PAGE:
My buddy Noah Brier, ingenious man that he is, created a website called Brandtags. It’s super simple and this is what it does: and then it spits out the tags associated with that brand: Is this a problem for Mayo that people associate Mayo with cancer just as much as they associate it with health? I’d say this is a problem for them and the … Continue reading What do people think of the sickness industry?
I’ve been thinking a ton about the fact that patients aren’t the real customers in healthcare. Very little has been designed for you– the user of healthcare. When you visit a hospital’s website, do you get the same feeling as using Kayak to purchase a plane ticket or tumblr to create your first blog and start publishing within 30 seconds? Do you feel more knowledgeable … Continue reading How healthcare institutions talk to you.
I spent Tuesday night with a very distinguished group of high profile people involved in various aspects of healthcare at the Healthspottr dinner to coincide with the Health 2.0 conference in San Francisco this week. It was a discussion amongst the 20 or so people about “payment reform.” There was a ton of bickering, ideas galore, and solutions that worked for one of the four … Continue reading I’m optimistic.
I’ve talked to many boardrooms about awesomeness. Beancounters feel challenged and threatened by it, because it feels fuzzy and imprecise. Yet, it’s anything but. Gen M knows “awesomeness” when we see it — that’s why its part of our vernacular. It’s a precise concept, with meaning, depth, and resonance. The Awesomeness Manifesto – Umair Haque – HarvardBusiness.org Have to agree there. Many (previously uncapitalized) attributes … Continue reading
How American Health Care Killed My Father by David Goldhill in The Atlantic and The Cost Conundrum by Atul Gawande in The New Yorker These are the two most important articles of the past year on health care. Please take the time to read and digest them… It’s an unfixable mess that will only be solved by complete restructuring from the ground up– the top … Continue reading There are two articles one must read to understand health care reform.
Public Service Announcements are all pretty much laughable. Healthcare simply can’t be made cool. And it starts in 8th grade health class with those horrible “How Babies are Made” videos. This Gawker post is probably the closest thing to the perfect PSA. It’s highly targeted at a specific population of readers (who may or may not do coke right?), written by a peer, and talks … Continue reading New Coke Deadlier Than Ever – did Gawker just make the perfect PSA?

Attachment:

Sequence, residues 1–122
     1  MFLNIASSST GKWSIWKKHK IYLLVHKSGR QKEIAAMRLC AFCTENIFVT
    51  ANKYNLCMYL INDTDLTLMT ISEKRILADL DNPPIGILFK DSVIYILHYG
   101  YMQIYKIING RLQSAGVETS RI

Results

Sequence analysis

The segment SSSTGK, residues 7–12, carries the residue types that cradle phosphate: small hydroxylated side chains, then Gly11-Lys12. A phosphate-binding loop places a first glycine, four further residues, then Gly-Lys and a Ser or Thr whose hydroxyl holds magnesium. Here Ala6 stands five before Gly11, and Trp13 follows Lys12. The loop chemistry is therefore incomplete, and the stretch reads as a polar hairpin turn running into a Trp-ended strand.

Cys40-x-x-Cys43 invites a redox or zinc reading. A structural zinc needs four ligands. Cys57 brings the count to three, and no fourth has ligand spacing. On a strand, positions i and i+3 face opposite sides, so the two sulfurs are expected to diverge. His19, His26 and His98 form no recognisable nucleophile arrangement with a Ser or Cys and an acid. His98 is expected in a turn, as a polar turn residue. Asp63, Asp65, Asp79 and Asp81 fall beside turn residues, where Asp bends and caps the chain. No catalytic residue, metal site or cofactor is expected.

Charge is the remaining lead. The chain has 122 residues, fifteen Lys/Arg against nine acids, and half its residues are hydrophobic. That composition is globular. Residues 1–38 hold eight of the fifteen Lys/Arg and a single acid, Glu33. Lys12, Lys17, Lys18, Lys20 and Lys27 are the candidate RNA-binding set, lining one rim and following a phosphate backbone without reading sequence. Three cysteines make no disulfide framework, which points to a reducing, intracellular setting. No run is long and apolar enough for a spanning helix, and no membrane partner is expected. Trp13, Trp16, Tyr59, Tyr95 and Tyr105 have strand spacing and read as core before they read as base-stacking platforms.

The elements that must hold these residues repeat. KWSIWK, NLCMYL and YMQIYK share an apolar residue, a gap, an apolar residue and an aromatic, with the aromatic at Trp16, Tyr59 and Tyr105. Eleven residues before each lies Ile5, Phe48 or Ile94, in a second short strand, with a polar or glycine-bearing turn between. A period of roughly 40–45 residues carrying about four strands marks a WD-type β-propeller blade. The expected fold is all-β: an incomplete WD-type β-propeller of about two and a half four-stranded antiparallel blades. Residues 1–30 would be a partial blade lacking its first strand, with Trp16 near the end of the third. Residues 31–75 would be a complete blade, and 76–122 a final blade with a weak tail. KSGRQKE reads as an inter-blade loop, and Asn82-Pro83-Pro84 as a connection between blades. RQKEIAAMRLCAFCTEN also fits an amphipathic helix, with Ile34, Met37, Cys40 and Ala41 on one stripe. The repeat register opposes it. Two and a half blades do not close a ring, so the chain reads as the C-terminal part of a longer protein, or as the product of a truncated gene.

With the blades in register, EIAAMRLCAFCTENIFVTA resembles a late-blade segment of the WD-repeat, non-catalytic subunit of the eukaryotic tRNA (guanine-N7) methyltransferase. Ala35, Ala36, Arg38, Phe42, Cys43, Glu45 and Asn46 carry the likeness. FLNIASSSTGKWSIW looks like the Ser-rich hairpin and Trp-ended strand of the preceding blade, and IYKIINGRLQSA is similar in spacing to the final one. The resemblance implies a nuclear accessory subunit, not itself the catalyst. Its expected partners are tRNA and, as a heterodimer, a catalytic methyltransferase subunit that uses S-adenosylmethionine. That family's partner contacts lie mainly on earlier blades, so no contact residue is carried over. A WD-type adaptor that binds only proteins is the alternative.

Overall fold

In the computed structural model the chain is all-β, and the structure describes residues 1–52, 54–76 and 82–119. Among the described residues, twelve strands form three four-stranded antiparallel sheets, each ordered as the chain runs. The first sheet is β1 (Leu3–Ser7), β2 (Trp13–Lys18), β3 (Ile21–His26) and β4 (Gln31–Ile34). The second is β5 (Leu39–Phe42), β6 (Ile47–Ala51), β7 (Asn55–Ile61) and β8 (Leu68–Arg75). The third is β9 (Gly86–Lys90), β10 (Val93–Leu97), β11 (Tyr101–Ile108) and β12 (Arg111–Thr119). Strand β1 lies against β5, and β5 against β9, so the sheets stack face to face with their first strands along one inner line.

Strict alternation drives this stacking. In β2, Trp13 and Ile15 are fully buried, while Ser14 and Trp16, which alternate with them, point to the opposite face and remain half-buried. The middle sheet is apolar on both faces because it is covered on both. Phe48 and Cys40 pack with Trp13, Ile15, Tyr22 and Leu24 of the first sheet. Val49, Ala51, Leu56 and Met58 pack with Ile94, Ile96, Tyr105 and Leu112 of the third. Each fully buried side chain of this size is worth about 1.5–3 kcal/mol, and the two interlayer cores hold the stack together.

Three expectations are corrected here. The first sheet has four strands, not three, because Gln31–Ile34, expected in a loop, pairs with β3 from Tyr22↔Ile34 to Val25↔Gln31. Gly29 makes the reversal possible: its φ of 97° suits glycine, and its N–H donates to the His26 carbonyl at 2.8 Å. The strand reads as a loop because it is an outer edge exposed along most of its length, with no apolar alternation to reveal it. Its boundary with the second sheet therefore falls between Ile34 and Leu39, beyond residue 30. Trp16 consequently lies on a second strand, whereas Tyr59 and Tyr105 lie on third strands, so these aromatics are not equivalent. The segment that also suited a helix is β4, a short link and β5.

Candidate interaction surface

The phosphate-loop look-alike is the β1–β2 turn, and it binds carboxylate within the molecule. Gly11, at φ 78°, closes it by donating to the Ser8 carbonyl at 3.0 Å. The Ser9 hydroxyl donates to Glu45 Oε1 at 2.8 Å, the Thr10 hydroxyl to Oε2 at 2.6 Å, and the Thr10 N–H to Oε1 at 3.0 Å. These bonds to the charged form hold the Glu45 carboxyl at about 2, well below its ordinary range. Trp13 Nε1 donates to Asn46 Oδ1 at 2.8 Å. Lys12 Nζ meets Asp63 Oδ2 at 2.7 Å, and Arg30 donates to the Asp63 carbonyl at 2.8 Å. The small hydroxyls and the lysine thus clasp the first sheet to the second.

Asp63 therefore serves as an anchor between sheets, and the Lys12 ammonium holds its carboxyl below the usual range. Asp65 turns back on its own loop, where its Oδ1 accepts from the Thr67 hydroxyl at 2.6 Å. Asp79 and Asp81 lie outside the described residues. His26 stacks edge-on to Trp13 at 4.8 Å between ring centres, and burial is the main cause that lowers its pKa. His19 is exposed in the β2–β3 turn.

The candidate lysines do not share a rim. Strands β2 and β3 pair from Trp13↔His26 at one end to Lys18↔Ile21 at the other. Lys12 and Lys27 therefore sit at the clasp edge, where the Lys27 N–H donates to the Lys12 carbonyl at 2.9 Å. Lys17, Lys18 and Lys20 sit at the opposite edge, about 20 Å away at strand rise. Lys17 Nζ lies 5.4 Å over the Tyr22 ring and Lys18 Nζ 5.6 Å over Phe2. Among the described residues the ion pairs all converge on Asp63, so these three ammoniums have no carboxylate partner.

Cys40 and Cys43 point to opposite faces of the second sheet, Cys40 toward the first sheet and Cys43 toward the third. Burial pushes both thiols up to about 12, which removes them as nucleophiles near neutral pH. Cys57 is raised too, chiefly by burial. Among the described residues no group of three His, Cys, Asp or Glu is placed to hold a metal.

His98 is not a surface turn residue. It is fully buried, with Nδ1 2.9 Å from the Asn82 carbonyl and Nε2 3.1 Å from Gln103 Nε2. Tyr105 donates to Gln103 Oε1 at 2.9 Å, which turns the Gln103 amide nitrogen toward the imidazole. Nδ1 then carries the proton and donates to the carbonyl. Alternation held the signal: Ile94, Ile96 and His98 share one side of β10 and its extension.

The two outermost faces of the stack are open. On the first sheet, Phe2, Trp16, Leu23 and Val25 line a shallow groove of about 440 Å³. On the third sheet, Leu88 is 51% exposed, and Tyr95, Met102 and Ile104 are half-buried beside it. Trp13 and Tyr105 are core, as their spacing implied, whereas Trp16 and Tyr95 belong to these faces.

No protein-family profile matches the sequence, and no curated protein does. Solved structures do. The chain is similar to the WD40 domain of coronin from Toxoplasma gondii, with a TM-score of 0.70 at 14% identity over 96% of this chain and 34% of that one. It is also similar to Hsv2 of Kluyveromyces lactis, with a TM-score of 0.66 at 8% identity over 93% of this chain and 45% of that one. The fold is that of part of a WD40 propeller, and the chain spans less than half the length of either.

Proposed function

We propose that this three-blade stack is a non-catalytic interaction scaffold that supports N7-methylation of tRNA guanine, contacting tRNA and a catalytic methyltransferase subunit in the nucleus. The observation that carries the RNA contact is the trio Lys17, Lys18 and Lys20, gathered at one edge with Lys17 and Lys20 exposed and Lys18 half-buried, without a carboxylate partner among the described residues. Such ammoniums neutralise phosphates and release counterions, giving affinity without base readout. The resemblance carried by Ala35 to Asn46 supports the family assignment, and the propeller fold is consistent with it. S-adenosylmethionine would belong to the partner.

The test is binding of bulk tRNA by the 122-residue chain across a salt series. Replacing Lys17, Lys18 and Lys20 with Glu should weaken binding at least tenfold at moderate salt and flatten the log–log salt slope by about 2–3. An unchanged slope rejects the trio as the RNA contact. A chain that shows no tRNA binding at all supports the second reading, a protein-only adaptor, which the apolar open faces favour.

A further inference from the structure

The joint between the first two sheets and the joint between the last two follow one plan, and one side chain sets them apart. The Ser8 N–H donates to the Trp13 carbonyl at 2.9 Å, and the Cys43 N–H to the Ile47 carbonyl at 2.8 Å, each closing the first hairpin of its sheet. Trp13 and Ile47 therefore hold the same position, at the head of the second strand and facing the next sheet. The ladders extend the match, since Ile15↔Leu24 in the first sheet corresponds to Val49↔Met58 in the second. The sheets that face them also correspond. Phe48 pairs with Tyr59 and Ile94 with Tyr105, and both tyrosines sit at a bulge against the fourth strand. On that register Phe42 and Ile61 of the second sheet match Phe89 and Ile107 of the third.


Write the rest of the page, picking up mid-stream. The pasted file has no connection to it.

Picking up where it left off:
I look at almost everything in life as a process. For the most part, there are predictable steps that occur when doing something– going to the grocery store, checking your email, going out to dinner with friends, building cars, etc.. The opportunity lies in designing processes. When you design processes, you can analyze each step and ask yourself, “What could potentially go wrong?” at each … Continue reading How to fix healthcare #1 = Fix the process of healthcare delivery.
From a conversation I had with squashed: The only way to save healthcare is to mandate broad, sweeping changes to turn all of the US healthcare industry into a Kaiser-like, closed-loop, true Healthcare System designed to function as a whole with incentives aligned amongst all players to practice quality medicine, not quantity medicine. The System must take financial accountability for maximizing a population’s health. In … Continue reading How do we save healthcare?
The healthcare industry as a business model is criminal. It’s too far gone. It works for those making profits off the industry. It doesn’t work for us as citizens in need of quality healthcare at an affordable price with promises of protection from financial ruin. I say let it die. Why are we throwing money at a criminal and dying industry? Did we not learn … Continue reading I think we should give up on reform and invest in creating something new.
Don’t do the internet thing and glance at all of these questions. Sit down, read them carefully. Think about each one. Ask the right questions about each one like who, what, when, where, and why. Find the answers. Then go and talk intelligently about healthcare. Where did our healthcare system come from? Did someone architect our healthcare system in the beginning? Why is healthcare so … Continue reading Here are a few questions to consider before talking intelligently about healthcare reform.